SEER or Seasonal Energy Efficiency Ratio rates how much energy the system requires to operate. It’s similar to miles per gallon for your automobile. A truck that gets 12 miles per gallon is going to be a lot more expensive to operate than a car that gets 30 miles per gallon. Likewise, an air conditioning system with a lower SEER rating is going to be more expensive to operate than one with a higher SEER rating. Most incentives and rebates from utility companies are based on SEER ratings, so before you purchase any home comfort equipment, check to see what your utility company is offering and at what SEER rating those kick in to make the most of your investment. For many home owners, the rebates can be enough to cover the cost of going with higher efficiency equipment allowing them to enjoy the benefits while minimizing the investment costs.
Indoor Air Quality (IAQ) refers to the air quality within and around buildings and structures, especially as it relates to the health and comfort of building occupants. Most of us spend much of our time indoors. The air that we breathe in our homes, in schools and in offices can put us at risk for health problems. Some pollutants can be chemicals, gases and living organisms like mold and pests. Air cleaners can remove particles down to .1 microns or 1/1000th of a millimeter in size! They can help protect your family from many airborne illnesses, such as influenza. For many asthma and allergy patients, an air cleaner is a great investment in reducing medical costs and making home a more comfortable place to live.
HVAC (pronounced H-vac) stands for heating, ventilation and air conditioning. It refers to the different systems, machines and technologies used in indoor settings such as homes, offices and hallways, and transportation systems that need environmental regulation to improve comfort.
“Heating” covers a wide range of services. Utah winters can be tough, and without a proper heating system for your home, your life is sure to be tough as well. Heating services include the selection, sizing, and installation of new heating systems for homes and businesses; the replacement of older heating systems with newer ones; repairing heating systems of all shapes and sizes; planned maintenance and check-ups to make sure your heating systems are working efficiently and to avoid the stress and strain that often lead to repairs or breakdowns.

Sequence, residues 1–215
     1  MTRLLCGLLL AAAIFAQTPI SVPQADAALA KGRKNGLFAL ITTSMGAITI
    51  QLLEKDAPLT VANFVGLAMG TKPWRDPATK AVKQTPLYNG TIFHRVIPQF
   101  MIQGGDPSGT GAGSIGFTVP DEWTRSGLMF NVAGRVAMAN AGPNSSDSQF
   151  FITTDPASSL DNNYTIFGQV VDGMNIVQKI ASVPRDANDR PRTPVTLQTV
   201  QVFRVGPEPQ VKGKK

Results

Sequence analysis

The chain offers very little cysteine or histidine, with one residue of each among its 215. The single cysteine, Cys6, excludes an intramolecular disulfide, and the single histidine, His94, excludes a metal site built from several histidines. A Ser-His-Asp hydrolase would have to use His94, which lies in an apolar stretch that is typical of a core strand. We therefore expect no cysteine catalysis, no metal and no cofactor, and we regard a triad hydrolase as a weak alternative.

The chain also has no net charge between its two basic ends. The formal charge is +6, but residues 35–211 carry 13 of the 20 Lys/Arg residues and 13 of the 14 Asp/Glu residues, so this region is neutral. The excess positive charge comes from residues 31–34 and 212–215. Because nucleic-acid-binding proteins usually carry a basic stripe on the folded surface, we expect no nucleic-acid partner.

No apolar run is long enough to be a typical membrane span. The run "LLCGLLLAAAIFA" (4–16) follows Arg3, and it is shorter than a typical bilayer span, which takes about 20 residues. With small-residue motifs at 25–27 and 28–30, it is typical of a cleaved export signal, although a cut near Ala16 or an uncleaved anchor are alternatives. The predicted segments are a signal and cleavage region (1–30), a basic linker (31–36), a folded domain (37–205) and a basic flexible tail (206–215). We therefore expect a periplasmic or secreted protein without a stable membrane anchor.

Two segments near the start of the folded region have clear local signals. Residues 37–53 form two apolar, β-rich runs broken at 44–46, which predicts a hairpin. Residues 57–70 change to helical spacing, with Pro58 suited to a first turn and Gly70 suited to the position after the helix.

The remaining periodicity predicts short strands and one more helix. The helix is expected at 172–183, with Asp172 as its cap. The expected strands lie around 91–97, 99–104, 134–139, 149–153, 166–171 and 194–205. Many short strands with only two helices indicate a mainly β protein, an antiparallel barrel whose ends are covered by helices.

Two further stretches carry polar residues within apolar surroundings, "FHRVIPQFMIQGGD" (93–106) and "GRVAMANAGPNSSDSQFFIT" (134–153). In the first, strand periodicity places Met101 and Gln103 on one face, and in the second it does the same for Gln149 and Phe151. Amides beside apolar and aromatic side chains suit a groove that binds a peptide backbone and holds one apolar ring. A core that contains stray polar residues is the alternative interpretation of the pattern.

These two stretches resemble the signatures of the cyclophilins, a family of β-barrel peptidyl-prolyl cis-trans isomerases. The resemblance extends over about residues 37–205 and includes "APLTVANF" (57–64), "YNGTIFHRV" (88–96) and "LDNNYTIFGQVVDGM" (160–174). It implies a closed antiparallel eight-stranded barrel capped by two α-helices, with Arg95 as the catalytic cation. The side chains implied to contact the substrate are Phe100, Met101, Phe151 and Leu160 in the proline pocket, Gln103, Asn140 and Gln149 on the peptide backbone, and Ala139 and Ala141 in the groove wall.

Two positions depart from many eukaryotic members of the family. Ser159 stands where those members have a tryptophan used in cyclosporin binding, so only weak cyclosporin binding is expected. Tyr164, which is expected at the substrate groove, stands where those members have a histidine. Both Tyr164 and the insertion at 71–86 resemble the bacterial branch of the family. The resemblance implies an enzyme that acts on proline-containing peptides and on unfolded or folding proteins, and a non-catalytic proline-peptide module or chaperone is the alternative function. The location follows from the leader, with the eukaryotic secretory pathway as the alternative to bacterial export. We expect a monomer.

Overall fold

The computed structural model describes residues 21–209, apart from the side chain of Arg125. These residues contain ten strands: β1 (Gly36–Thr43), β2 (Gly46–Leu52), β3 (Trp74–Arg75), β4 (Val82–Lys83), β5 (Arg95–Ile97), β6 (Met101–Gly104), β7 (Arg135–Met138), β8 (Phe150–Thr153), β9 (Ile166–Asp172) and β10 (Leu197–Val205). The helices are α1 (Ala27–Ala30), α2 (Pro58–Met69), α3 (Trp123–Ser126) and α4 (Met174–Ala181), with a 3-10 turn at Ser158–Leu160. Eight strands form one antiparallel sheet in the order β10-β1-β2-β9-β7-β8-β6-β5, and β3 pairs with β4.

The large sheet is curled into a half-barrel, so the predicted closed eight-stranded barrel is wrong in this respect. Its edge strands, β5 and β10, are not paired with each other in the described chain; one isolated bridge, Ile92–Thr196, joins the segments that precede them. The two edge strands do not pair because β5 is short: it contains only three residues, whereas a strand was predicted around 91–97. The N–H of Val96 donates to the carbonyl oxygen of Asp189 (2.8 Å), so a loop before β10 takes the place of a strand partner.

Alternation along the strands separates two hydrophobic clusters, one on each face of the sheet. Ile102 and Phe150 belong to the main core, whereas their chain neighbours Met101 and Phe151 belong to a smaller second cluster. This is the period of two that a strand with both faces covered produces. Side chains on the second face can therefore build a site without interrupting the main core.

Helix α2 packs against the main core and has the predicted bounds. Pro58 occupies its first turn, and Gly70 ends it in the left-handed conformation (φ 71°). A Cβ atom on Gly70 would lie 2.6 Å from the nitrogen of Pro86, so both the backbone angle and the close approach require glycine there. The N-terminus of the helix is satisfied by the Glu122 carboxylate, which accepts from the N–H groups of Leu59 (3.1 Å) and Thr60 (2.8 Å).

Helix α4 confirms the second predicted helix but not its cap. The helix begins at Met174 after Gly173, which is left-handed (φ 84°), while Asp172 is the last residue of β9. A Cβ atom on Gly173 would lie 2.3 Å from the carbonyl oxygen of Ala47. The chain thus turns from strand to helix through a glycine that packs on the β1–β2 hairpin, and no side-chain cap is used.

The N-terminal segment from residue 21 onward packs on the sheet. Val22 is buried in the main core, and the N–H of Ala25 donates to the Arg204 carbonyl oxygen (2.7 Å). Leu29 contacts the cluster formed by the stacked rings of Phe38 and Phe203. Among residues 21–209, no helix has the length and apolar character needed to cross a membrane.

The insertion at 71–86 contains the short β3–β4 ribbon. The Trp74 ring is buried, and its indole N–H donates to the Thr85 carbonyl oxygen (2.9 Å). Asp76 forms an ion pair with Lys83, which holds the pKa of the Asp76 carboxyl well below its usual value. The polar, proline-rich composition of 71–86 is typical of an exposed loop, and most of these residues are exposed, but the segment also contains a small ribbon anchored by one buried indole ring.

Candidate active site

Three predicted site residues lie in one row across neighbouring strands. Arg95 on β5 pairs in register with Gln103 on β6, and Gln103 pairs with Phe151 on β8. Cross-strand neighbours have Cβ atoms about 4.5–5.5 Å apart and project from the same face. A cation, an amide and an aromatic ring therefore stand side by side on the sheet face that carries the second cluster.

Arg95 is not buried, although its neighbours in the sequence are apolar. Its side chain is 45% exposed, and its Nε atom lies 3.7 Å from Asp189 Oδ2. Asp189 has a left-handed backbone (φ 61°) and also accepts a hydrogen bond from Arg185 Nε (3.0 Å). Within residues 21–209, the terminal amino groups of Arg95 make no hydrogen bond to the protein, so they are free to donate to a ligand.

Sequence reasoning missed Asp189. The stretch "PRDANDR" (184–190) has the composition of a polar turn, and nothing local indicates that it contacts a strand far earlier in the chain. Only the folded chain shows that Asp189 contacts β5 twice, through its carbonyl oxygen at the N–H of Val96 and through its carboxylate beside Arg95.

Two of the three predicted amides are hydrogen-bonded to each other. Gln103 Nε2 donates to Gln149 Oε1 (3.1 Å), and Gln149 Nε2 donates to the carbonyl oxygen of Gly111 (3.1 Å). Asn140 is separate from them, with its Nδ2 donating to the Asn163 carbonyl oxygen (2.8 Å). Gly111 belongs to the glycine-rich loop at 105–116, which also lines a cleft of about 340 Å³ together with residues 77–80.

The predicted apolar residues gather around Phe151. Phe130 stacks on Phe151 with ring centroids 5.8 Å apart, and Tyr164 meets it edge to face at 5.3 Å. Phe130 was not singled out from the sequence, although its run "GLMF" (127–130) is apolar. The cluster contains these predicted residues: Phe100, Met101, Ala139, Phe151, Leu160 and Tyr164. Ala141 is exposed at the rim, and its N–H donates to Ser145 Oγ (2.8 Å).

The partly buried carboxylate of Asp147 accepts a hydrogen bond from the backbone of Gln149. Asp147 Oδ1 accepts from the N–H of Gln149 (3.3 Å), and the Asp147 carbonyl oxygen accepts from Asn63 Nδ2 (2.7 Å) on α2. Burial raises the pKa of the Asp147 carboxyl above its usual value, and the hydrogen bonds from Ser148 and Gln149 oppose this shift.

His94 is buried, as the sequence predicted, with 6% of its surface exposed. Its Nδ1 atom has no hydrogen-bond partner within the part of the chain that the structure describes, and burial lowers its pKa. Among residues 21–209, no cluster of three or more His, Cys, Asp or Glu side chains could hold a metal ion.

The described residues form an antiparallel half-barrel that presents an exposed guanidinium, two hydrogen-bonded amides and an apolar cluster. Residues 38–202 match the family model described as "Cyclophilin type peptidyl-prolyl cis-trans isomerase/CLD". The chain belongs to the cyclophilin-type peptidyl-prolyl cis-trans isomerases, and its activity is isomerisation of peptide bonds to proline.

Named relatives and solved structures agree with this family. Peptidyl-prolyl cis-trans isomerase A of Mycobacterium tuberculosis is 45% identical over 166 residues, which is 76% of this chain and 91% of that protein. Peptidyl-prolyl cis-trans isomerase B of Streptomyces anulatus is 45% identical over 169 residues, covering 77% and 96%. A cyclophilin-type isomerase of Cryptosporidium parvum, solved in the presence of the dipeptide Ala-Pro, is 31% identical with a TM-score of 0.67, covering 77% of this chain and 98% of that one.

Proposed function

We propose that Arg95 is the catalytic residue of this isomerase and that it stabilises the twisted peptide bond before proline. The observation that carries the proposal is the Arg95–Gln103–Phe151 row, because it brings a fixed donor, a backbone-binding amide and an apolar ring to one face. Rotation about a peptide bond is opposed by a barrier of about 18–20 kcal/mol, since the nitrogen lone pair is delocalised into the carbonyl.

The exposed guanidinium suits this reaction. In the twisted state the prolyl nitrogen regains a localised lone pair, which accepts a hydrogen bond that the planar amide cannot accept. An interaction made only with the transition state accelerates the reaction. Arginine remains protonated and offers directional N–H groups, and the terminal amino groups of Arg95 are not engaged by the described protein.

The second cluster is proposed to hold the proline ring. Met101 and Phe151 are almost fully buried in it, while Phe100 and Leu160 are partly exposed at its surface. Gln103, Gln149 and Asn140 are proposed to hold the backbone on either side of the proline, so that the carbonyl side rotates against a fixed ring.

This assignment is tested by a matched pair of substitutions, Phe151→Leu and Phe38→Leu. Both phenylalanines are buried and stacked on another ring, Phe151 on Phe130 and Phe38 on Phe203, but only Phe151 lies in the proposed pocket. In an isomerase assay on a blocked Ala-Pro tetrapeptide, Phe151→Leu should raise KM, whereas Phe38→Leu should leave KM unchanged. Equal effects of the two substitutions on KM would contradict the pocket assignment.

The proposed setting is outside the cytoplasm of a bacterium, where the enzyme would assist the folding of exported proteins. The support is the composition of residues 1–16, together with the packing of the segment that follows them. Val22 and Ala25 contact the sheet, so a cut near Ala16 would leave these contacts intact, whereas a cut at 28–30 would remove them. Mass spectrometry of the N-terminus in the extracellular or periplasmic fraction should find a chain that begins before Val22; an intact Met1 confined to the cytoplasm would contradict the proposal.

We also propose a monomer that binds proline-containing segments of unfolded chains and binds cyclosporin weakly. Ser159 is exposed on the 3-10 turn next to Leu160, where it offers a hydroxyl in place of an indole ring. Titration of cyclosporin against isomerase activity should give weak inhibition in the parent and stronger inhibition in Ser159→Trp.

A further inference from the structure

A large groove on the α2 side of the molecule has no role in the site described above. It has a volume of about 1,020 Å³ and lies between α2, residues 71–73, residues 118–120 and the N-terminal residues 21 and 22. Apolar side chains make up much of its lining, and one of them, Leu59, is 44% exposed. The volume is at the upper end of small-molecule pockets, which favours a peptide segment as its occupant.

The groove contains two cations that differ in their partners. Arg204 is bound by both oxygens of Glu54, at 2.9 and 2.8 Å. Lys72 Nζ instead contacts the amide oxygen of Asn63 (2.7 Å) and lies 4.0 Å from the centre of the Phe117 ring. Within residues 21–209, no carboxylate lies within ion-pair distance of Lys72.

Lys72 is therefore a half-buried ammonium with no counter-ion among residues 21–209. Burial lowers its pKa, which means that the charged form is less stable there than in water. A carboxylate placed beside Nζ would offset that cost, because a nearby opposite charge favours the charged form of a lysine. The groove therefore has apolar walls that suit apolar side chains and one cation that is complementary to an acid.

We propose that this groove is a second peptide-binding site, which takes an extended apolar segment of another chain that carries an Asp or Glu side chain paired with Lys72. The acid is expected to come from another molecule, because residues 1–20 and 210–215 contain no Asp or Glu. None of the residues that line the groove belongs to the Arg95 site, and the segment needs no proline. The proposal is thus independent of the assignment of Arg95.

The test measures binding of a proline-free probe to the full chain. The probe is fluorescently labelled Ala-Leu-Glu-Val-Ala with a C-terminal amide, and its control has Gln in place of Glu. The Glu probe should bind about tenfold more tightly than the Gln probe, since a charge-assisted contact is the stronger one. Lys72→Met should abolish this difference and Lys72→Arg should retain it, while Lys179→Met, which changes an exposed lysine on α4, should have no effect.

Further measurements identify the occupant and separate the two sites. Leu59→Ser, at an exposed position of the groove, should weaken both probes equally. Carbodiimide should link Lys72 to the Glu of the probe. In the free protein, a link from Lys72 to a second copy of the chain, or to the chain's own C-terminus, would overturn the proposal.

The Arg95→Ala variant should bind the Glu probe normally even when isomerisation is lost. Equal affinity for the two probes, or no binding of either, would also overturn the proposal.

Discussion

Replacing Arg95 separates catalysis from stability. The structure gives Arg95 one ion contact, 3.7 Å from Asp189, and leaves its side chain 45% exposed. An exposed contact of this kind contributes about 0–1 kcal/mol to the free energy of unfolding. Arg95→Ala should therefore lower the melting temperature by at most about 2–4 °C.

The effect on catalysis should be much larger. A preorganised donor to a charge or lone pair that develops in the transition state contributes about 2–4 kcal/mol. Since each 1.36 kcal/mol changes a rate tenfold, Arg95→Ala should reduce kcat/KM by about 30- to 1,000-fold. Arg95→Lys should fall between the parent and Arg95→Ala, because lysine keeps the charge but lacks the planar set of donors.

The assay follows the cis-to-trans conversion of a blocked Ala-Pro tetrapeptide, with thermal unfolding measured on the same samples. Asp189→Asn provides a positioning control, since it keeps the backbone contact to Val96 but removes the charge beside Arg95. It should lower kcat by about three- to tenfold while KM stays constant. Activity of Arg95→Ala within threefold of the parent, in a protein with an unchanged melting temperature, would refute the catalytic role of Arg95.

“Ventilation” is the vehicle your comfort system uses to circulate the air being heated or cooled. Most homes and businesses have an intricate network of ducts that handle air circulation. Proper care of this system with repairs, sealing, cleaning, and installation of indoor air quality appliances is essential for home comfort, energy efficiency, and family health.
When summer hits in Utah it can feel every bit as tough as our winters, and that is when you truly appreciate the “AC” part of HVAC. Central air conditioning units are one of the most common forms of AC systems. These units cool everything from large buildings and homes to small shops and trailers. While central air conditioning units run on electricity, what makes the magic happen is the refrigerant they are charged with. The refrigerant is what “chills” the air. It is also why servicing and installing central air conditioners should always be left to the professionals. Federal and state laws prohibit anyone other than an EPA certified technician from installing, repairing, or maintaining any cooling system that contains a regulated refrigerant. The regulations regarding which refrigerants can be used and how they can used change regularly, so make sure you call a professional to help make sure you AC is keeping you cool and safe.